Now, equating that with the absolute right embodied in that Sixth Amendment, the “compulsory process for obtaining witnesses in his favor“, we can easily understand what was intended. If there is no contest as to the facts, then perhaps no additional witnesses are necessary. However, the Amendment provides that you have the “compulsory” (required to be brought or asserted in a pleading because of having arisen from the occurrence that is the subject of litigation) right. So, if it is “required”, that is an imposition on the judiciary to assure that the right is recognized and secured. It is NOT a discretionary act of the judge; it is “compulsory“. To hell with what the Rules of Criminal Procedure might say to the contrary. How can a self-serving rule override the Constitution?

So, now we see both the role, and the necessity, of “preponderance of evidence“, as it applies to a criminal prosecution. And, we also see that the Founders contemplated such a perversion of justice in providing a means of preventing the government from pursuing the same course the British did.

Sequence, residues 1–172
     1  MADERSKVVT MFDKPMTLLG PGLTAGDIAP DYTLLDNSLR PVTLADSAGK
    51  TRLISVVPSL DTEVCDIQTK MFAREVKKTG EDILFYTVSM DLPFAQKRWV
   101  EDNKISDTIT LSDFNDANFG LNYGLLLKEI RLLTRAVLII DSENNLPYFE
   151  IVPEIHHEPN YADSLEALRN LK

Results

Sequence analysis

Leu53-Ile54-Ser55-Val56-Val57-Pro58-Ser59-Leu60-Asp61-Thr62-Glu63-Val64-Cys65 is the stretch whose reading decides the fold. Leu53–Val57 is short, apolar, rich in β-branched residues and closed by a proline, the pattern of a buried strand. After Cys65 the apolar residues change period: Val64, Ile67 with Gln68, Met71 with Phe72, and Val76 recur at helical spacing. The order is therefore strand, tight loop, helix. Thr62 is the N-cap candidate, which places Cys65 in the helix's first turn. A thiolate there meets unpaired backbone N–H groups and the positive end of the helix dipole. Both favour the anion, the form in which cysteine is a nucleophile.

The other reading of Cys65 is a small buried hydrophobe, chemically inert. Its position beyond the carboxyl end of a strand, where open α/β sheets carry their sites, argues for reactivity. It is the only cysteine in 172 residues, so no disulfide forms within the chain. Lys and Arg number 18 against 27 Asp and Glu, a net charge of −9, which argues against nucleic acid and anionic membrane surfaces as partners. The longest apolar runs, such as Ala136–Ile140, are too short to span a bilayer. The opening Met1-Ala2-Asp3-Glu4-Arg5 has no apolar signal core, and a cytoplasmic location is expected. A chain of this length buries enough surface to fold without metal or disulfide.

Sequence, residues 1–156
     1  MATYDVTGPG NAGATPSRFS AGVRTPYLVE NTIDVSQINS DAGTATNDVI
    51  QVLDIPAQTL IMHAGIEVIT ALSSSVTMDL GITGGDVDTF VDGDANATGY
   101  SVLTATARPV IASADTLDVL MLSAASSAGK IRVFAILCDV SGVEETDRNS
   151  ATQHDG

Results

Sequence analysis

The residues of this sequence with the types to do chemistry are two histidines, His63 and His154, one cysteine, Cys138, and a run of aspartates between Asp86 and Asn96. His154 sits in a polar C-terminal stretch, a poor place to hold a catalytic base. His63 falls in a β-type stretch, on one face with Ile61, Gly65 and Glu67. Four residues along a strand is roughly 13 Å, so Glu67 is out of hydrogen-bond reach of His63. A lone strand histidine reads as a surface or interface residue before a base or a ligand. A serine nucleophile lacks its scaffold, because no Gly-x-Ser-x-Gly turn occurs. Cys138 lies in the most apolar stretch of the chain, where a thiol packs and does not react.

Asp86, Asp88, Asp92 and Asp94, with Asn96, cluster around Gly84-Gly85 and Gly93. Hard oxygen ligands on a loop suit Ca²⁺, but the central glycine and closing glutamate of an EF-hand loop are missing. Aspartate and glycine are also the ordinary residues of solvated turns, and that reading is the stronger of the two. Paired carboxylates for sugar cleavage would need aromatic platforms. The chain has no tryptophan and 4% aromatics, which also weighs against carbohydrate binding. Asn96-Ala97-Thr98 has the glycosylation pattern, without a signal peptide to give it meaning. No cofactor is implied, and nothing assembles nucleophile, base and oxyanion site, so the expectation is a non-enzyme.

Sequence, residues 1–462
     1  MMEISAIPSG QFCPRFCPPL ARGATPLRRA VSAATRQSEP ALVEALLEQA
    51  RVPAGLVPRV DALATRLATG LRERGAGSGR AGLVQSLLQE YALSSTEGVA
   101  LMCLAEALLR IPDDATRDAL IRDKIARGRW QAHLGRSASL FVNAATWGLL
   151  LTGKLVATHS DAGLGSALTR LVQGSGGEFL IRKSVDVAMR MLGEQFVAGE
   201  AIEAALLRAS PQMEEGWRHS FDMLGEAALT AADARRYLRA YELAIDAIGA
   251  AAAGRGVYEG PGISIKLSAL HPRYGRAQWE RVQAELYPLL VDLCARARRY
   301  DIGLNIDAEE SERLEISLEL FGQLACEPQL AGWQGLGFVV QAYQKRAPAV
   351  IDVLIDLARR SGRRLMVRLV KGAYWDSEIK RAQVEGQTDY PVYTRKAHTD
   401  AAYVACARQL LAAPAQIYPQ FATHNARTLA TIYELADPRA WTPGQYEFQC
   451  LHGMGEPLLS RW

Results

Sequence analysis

Now, before we talk about the witnesses, we can first look at what excesses the government was allowed in their presentation of the government’s case. Remember, the government attorneys are all “working for a paycheck”. The Defendants are working for their future. The following is based upon hearsay. In the need to be able to provide a simple demonstration of the government’s deed during the trial, I relied on information from people that were present in Portland, though not present during the display of weapons and ammunition, they only heard about it. I trust that the details are close to the truth of the matter.

The government spent 5 hours over two days in a display that can be considered nothing less than “cumulative”.  The paraded 22 long rifles and 12 handguns, it is easily presented to the jury that there were “twenty-two long guns and twelve handguns recovered at the Refuge. Since they couldn’t tie the weapons to individuals, they didn’t need to provide the detail that they did, on each weapon. Now, “they were found…” would be sufficient for the jury to know what was found where.

Then there was the ammunition they found. They could have simply stated that 18,000 rounds were found, and briefly explain where those rounds were found and what caliber they were. The jury should have no problem with that picture. Instead, the government spent hours discussing the guns and parading plastic containers of those 18,000 rounds in front of the jury.  This was simply a display of exaggerating their performance to increase the juror’s emotional reaction to that evidence.